In our incessant media world of confusing and often contradictory advice, few are more vulnerable than parents. Across all forms of media, various self-described “parenting experts” contradict each other, and often even themselves. Parents are then left confused and uncertain as to what is considered the “best advice”.
For example, since the late 1990s, a very public debate has raged amongst such “experts’ as to whether parents themselves even really matter. It began with the publication of Judith Rich Harris’ controversial book, “The Nurture Assumption: Why Children Turn Out The Way They Do", which suggested that if you left children in their home and social milieus and switched their parents, it would matter little which parents they had.
Her controversial thesis is basically that parents have little or no influence on their child’s ultimate personality. How our kids turn out, she argues, is largely a matter of genes and, after that, peers. Harris concluded that personality is shaped by the experiences children have outside the home, and that any similarities between parents and children are due to shared genes and a shared culture.
Her conclusions, while hotly debated, have gained wide acceptance amongst experts in the field of child psychology and parenting. But to many, they defy common sense.
So how much do parents really matter? Parents must matter, mustn’t they? Is what parents do truly nearly irrelevant? How much credit, or blame, should parents really claim for their children’s accomplishments?
As a pediatrician, I function almost solely under the assumption that parents do matter. I hold the belief that when they are given the training and support to be the most effective and nurturing parents they can be, parents matter an awful lot. And while parenting is undoubtedly one of many influences on a child, it is the one we can do the most about.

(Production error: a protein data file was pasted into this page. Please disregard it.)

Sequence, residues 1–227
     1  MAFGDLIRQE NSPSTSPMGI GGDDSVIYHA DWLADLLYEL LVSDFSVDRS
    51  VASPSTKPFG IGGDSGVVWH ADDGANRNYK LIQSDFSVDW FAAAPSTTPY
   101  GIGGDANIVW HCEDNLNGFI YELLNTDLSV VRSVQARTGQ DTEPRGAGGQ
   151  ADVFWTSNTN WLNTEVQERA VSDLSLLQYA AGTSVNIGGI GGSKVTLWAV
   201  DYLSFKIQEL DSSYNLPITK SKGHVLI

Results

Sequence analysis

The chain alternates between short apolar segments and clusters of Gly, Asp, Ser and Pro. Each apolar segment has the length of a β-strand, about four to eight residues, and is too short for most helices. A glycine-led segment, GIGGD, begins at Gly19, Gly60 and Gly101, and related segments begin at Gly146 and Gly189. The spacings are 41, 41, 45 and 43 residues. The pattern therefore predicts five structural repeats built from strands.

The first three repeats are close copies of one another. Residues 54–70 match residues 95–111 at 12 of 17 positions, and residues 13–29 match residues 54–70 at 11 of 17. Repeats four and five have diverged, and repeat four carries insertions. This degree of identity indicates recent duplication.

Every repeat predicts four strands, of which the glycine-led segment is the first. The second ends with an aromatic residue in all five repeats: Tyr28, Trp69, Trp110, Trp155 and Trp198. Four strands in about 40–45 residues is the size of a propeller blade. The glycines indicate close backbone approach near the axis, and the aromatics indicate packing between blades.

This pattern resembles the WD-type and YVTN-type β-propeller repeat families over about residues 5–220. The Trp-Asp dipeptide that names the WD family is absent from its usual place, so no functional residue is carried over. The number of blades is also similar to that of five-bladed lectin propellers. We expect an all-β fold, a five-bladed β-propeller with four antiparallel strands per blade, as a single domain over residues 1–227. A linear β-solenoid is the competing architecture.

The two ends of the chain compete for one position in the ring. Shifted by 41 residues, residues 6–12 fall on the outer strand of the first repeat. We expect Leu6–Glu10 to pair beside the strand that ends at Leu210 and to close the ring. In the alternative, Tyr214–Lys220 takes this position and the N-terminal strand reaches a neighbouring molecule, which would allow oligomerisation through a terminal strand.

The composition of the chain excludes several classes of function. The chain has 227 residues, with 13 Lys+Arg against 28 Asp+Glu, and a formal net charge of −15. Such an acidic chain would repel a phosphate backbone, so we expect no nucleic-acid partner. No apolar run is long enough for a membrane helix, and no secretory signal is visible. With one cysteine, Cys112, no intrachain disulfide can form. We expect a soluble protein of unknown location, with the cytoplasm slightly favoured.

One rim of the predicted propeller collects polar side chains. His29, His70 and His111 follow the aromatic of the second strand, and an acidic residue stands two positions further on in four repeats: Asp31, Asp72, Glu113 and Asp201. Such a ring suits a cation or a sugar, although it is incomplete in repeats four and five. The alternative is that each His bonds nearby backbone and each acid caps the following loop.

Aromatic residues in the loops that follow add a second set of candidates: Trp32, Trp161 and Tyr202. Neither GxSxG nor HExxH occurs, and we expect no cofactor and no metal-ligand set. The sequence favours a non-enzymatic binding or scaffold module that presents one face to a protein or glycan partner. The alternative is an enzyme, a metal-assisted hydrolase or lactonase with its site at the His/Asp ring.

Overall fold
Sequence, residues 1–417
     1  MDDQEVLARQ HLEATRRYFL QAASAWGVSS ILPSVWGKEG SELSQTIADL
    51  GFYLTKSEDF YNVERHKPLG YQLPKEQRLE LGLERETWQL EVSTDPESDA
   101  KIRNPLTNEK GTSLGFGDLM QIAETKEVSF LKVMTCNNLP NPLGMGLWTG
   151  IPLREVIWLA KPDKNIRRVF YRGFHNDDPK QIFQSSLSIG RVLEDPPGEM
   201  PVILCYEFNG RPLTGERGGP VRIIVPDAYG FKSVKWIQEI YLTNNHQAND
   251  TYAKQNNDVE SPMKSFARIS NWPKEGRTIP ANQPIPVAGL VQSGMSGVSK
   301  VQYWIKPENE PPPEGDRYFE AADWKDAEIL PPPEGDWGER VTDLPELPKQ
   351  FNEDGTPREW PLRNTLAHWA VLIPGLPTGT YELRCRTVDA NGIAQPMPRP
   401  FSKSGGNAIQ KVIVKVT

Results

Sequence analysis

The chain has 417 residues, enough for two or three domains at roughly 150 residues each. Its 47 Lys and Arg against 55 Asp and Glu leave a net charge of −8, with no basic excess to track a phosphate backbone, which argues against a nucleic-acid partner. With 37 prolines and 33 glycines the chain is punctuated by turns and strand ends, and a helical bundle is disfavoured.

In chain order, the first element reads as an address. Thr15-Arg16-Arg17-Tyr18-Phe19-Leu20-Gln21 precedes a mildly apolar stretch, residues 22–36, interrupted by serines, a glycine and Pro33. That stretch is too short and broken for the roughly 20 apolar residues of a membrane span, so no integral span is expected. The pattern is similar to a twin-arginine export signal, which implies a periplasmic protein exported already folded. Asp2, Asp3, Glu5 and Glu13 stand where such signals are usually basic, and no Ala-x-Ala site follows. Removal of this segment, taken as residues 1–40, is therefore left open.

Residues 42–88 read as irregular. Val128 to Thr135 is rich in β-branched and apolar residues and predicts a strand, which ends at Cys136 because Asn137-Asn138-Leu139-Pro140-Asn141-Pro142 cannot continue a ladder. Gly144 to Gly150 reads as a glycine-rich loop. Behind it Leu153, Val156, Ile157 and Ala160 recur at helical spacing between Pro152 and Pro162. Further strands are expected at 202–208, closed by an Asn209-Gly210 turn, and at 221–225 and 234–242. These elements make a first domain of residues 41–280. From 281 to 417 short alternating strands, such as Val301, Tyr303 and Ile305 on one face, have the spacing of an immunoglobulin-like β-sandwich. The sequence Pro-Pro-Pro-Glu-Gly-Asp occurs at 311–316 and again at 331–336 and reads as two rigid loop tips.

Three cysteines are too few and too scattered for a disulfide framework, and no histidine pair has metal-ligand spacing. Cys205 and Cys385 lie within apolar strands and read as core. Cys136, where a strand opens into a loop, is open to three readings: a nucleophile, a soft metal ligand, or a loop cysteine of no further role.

Experience has shown me that parents have a powerful effect, positive or negative, on the mental health and development of children. Along with parenting style, disciplinary approaches, marital stability, and the presence or absence of substance abuse in the home, parents influence the schools their children attend, the foods they eat, and even the neighborhood they grow up in.
Clearly, bad parenting matters a great deal. Children subject to neglect and abuse, or subject to witnessing domestic violence or substance abuse in the home, have worse outcomes in life than children eagerly welcomed, loved, and nurtured by parents involved in a stable relationship.
While parents do matter, this is not to say that genes and peers don’t. Ms. Harris brings up legitimate points that genetics have a major impact on temperament as well as behavior and personality, and that peers are much more important than parents give them credit for being. Peer pressure indeed is a powerful and daily force in the life of a school-aged child, one that parents have at best modest control over.
While the question of whether parents matter is a good though terribly complicated one, the bottom line is that in a given child’s life, parenting, genes, and peers may hold different degrees of importance. There is not a “number” that can be put on how big an influence parents have on their children. Besides, even if parents only account for a small percentage of how a child turns out, it can still make a large difference over the course of a lifetime.
I feel that it’s not so much what you do as a parent; it’s who you are. It’s not so much whether parents read to children or buy their children a lot of books, but rather whether parents pass on their work ethic and their love of learning and their strength of relationship and their emphasis on good health and nutrition.
Can you make your child be who you want? Of course not. But you do matter. Parents who understand that education doesn’t end at age eighteen, and who continue learning and model the joy of learning are more likely to have children who do the same. Parents who work hard at maintaining positive relationships with each other and others, at making compromises and being honest and apologizing openly when mistakes are made, are more likely to have children who do the same.
It’s not so much what you do as a parent that matters – it’s who you are.